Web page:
It was destructive to legitimate file sharing too.

    And illegal, very illegal.

  • Thanks! (Score:4, Insightful)

    by Anonymous Coward on Wednesday December 05, 2012 @07:21PM (#42198083)

    We all owe the MPAA a hearty thank-you for telling us where we can steal their movies in the post-Megauplod era.

  • by Hans Adler (2446464) on Wednesday December 05, 2012 @07:22PM (#42198087)

    The MPAA's original paper: http://de.scribd.com/doc/115644694/NOT-Motion-Picture-Association-of-America-Final [scribd.com]

    They brag about how much money they are making and speak in passing about the "massive" impact of closing down Megaupload. The one thing that seems to be conspicuously missing is any estimate of how much more money they made due to the reduction in "piracy".

  • by Anonymous Coward on Wednesday December 05, 2012 @07:24PM (#42198109)

    Or this more in depth analysis which concludes:

    "We find that the shutdown had a negative, yet insignificant effect on box office revenues.This counterintuitive result may suggest support for the theoretical perspective of (social) network effects where file-sharing acts as a mechanism to spread information about a good from consumers with zero or low willingness to pay to users with high willingness to pay."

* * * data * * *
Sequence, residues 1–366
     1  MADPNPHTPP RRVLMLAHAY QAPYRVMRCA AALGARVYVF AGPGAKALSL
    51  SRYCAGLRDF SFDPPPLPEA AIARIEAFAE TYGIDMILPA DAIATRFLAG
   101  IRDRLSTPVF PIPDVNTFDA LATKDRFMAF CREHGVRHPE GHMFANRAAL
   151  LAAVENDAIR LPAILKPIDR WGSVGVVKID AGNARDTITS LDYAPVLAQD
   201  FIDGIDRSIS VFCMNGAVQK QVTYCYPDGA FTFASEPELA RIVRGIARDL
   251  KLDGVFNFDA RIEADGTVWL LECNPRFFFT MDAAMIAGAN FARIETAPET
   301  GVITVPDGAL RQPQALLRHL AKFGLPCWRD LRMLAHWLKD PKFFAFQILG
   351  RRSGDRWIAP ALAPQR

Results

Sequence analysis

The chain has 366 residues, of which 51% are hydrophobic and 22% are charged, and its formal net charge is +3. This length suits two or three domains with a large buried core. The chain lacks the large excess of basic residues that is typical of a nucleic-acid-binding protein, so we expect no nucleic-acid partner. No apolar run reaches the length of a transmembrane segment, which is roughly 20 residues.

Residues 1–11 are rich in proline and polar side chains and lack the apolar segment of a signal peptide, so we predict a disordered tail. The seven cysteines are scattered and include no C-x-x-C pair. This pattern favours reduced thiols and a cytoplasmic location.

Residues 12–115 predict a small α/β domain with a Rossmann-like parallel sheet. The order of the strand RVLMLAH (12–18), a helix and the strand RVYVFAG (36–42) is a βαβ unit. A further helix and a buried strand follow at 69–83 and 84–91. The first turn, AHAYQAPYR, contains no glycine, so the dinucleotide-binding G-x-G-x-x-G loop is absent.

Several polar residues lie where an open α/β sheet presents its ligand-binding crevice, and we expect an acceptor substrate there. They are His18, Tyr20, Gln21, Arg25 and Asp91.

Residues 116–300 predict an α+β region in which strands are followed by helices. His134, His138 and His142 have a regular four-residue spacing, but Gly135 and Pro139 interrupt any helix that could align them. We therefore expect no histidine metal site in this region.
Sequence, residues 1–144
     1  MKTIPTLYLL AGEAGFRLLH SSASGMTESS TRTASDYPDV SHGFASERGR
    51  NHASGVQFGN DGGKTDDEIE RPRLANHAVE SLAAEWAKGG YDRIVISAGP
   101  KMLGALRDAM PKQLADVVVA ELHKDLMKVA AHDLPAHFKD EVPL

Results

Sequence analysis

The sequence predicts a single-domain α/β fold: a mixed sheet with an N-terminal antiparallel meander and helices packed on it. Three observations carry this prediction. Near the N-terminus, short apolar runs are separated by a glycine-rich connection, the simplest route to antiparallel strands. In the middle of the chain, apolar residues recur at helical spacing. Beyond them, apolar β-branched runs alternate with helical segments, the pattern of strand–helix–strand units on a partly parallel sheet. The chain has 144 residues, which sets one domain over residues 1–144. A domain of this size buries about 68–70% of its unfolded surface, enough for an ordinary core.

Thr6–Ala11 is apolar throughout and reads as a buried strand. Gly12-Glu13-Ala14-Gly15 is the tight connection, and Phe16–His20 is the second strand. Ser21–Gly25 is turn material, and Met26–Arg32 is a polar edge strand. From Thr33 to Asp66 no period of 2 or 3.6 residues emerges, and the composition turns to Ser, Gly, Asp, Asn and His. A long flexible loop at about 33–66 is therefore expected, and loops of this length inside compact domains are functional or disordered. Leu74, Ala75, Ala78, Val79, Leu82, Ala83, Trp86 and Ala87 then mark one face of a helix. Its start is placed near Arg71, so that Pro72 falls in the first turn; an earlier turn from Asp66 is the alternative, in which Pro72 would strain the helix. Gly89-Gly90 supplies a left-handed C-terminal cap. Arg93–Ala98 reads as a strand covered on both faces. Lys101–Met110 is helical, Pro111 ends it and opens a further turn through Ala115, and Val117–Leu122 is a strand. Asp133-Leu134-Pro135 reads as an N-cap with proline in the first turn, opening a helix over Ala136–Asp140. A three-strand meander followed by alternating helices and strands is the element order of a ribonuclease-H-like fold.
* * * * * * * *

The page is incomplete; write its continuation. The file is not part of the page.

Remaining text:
http://papers.ssrn.com/sol3/papers.cfm?abstract_id=2176246

  • Re:Puke (Score:5, Insightful)

    by Anonymous Coward on Wednesday December 05, 2012 @07:24PM (#42198113)

    Never mind the fact that the shutdown itself was conducted illegally, and that thousands of legitimate users and businesses were harmed.